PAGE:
Time for Australians to take data privacy seriously

Recently Australia’s hotly contested metadata retention scheme began having an impact on the lives of ordinary Australians.

Under the scheme, phone and internet companies must store information generated when their customers make phone calls, send text messages, or use the internet. This does not include the content of those calls or messages, but information like the data, time, source and destination of those communications.

Just a few weeks into their operation and there’s already been a breach, after Federal Police admitted accessing a journalist’s metadata without a warrant.

So what are my online privacy rights?

Australians do have a right to privacy under information privacy laws, however earlier this year a Federal Court decision narrowed this right.

These laws only protect “personal information”, which is data that can or does identify an individual, as explained by Swinburne lecturer Jake Goldenfein..

That definition does not take into account the fact that individual pieces of anonymous information might identify the user when examined collectively through a process called data linking.

This means there is possibility that the government, or potentially someone who wrongfully gains access to this data, could match each individual bit of data, in order to identify the user it belongs to.

It’s not just governments that are interested in people’s data. A number of companies have been criticised for harvesting their users data for advertising purposes. In 2015 Facebook app Most Used Worlds, which at the time had been used by more than 17 million people, was criticised for giving advertisers access to virtually all of its users’ Facebook data.

Even as the interest governments and companies have in an individual’s online footprint becomes increasingly obvious, people are doing little to protect themselves. Harvard Business Review suggests even people who say they have concerns about information privacy engage in uncensored discussion, have a large digital footprint, and give a wide range of external apps access to their data.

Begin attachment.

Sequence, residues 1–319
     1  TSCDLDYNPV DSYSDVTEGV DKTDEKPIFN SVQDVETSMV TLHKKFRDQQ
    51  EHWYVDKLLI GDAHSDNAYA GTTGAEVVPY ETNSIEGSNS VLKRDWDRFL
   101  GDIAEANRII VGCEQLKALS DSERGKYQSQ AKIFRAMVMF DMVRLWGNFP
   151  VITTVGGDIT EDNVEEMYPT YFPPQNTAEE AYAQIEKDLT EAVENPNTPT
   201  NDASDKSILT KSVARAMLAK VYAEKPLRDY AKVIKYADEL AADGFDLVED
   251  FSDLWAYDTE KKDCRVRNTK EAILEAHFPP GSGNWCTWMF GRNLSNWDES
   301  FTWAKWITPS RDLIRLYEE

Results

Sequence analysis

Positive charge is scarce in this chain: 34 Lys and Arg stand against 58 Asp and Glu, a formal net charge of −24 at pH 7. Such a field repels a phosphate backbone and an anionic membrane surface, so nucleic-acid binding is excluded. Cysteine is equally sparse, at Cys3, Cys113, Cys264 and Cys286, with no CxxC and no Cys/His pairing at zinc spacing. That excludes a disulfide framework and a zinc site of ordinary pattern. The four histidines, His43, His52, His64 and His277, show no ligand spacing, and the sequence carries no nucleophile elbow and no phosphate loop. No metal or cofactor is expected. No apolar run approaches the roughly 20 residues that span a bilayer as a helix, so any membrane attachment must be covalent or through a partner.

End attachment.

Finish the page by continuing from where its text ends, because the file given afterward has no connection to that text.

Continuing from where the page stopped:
Why should I care?

Graduate students at Stanford university, have been able to show that metadata collected from phone records could identify sensitive information about callers including medical conditions, financial and legal connections, as well as family, political, professional, religious and sexual associations.

As long as this information is being stored digitally, there is the possibility it could be accessed wrongfully and made accessible to the public. That’s what happened to the Australian Red Cross Blood Service. Last year it was forced to apologise when the details of 555,000 blood donors were leaked online in one of Australia’s largest data breaches.

The information that was leaked included name, address, contact information, blood type and donation history, as well as answers to sensitive questions like “In the last 12 months, have you engaged in at-risk sexual behaviour?”.

What can I do to protect my privacy online?

  • Consider using a VPN (E.g Tunnel Bear)
  • Read privacy policies
  • See which apps you’ve given access to your social media accounts.
  • On Facebook you can find this by clicking on the settings page and then selecting Apps.
  • On iPhone review the Privacy section in the iOS settings app.
  • Google: visit myaccount.google.com and check out the Manage your Google Activity section.

This article originally appeared on LawAdvisor.

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